When you start your journey to master AI, you encounter a term called model. What are models in AI? In AI, we talk about building **models**, which are shaped by **cost functions** to measure **error**. So what does this all mean?

## What are models?

**Models **are an estimation of how reality works. These are not just part of AI; our brains use models every day.

For example:

while driving, we might be able to estimate how fast our car will accelerate if we push down its accelerator pedal. We have a model in our head of the relationship between the pedal and the speed of the car.

We say this **model is an estimation of reality**. Because when we think about how fast the car will run:

- we don’t take into account the position of every atom in the engine, wind resistance, and so on.
- In fact, we may know nothing about how a car engine works
- Yet we can still make good guesses as to how fast we will travel.

AI is the process of building models like this by using data, just like we do in everyday life.

When people learn to drive, they often be surprised at how fast (or slow) the car goes when the accelerator pedal is pushed.

The model in our head starts off very inaccurately. With experience (data), we improve it more and more, until we can estimate very well how the car will react.

AI works in a similar way. If we give a computer a large amount of data about car speeds when the accelerator is pushed. Then, using AI, the computer can build a model that is **more accurate than we are.**

## What is an error?

**Error **is a measure of how accurate a model is at estimating or predicting something.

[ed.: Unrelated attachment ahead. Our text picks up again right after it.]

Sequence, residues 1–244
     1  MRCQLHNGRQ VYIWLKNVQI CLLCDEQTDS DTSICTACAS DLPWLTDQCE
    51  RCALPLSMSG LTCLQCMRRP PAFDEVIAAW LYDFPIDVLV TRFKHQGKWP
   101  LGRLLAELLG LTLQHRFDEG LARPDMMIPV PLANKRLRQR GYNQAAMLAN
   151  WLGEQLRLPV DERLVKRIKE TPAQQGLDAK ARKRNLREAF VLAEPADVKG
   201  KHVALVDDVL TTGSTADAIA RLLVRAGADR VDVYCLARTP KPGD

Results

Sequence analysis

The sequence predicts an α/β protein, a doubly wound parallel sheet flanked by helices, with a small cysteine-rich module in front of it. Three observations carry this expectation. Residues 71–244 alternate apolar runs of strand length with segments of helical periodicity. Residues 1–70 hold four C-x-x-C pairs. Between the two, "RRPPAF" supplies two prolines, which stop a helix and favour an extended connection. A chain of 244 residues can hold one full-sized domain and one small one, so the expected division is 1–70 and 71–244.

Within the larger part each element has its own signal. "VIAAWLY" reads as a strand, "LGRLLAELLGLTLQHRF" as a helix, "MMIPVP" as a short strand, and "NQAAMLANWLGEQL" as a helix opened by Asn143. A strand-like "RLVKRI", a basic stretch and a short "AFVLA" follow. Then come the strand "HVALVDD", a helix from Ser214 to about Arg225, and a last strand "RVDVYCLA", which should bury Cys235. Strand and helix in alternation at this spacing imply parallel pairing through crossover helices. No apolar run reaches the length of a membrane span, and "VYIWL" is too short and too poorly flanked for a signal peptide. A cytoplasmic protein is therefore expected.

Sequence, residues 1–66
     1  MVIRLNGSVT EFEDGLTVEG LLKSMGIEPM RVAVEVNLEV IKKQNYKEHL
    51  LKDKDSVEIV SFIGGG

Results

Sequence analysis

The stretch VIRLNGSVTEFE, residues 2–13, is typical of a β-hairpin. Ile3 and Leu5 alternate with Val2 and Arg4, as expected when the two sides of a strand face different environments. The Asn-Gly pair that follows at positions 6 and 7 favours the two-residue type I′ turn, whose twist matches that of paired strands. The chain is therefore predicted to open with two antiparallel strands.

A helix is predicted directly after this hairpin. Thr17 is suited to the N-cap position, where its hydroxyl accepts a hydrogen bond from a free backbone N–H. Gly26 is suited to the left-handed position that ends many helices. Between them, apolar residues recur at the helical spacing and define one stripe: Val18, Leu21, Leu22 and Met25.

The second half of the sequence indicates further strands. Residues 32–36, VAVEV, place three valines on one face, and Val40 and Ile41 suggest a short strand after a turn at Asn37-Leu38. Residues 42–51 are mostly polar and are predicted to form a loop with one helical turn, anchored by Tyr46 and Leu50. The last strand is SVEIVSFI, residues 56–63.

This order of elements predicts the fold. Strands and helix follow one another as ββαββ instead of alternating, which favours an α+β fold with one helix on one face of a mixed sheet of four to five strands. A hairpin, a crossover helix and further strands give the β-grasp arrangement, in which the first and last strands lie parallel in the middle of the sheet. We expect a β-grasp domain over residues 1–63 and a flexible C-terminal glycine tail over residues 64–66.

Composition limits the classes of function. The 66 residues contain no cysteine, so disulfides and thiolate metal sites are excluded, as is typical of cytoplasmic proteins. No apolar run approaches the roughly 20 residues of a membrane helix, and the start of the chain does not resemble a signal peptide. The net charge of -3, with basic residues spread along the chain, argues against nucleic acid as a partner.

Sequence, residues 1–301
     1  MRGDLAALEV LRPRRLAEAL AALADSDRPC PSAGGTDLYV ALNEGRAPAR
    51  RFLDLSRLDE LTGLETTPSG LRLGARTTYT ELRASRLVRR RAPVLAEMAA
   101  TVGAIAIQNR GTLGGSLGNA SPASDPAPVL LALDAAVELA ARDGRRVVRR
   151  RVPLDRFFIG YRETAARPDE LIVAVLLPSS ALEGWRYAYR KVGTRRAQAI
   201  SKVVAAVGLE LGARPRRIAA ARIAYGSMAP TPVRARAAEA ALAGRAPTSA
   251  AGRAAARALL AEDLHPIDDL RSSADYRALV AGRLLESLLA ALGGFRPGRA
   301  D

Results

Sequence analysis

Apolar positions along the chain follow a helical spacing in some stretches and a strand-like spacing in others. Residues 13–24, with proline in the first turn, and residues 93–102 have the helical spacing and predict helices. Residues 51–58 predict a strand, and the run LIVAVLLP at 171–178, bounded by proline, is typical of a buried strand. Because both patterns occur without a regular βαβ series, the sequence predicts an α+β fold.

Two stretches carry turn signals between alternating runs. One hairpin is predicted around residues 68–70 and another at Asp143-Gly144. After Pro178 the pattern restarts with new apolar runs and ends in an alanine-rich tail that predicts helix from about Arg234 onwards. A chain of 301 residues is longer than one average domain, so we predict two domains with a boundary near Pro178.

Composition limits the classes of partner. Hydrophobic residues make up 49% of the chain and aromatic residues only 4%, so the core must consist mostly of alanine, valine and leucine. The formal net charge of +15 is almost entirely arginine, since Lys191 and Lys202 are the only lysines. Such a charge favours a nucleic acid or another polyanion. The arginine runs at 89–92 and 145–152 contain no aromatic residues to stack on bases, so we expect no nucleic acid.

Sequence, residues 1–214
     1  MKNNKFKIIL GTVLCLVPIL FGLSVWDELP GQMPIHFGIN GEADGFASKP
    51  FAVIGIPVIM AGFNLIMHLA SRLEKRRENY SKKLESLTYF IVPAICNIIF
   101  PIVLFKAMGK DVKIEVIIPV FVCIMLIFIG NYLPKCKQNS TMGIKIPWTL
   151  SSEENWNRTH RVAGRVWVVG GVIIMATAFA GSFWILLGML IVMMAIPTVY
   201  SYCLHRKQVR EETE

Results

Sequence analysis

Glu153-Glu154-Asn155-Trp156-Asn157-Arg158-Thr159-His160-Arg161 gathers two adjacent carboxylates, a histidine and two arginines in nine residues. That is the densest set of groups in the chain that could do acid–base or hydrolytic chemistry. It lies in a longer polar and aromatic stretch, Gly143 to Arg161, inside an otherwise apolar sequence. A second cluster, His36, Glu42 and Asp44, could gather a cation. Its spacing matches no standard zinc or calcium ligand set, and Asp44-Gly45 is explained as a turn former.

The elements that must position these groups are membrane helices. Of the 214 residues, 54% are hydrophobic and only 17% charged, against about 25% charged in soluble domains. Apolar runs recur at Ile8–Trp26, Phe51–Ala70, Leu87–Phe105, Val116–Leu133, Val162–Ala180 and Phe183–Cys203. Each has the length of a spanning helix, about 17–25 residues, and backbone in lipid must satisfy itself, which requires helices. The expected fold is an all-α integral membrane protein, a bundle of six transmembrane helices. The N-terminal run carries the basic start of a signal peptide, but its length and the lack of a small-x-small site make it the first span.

- Error=( actual – predicted)

Small amounts of error mean the model is accurate.

Large amounts of error mean

- the model makes a lot of mistakes
- that it sometimes makes very bad mistakes

## What are cost functions?

We learn from our mistakes, and so does AI. Some mistakes need to be taken a lot more seriously than others, though.

For example:

If we are learning to drive on the open road, and we get the speed wrong by 5 mph, this may not matter at all. When we are more than 5 mph over the speed limit, though, the police may give us a fine of Rs 100. If we are more than 10 mph over the limit, this fine may be Rs 500.

**Cost **is the number we learn from (e.g. the size of the fine). It is** calculated from the error **(e.g. how badly we estimate our speed). It is also referred to as the penalty.

In the example:

- We are unlikely to learn much when we speed 3 mph over the limit, because we do not get a fine.
- When we speed 11 mph over the limit, the fine is large, and so we learn very quickly to be more careful with the accelerator pedal.

A **cost function** is the way we convert error into cost.

The cost function above would be :

cost is Rs 100 if they are more than 5 mph over the limit, Rs 500 if they are more than 10 mph over the limit. If they are between the limit and 5 mph over the limit, the cost is Rs 0”.

In AI, things are a **little more mathematical** than the examples, but the general concepts are the same.

**Note that in AI**, cost functions are not in dollars, but in unitless numbers. The example above gives an intuitive understanding of how these work.

In AI the goal is to **minimize error** as much as possible – which will make our **result as accurate as possible.**

## Summary

**Models**– in AI, models are software that gives a prediction (or estimation) to an example, using data provided to it. For example, an AI model could predict how fast a car will go based on the type of car and how much the accelerator pedal is pushed.**Error**– how accurate a model is at predicting something.**Cost**– the error metric models learn from and try to decrease, calculated from the error.**Cost functions**– a mathematical formula run by software to determine for us the cost of a model. Different models have different cost functions and they are built into the model for us already.

Hope this article helps to find the answer to “What are models in AI?”.

Check out the table of contents for Product Management and Data Science to explore those topics.

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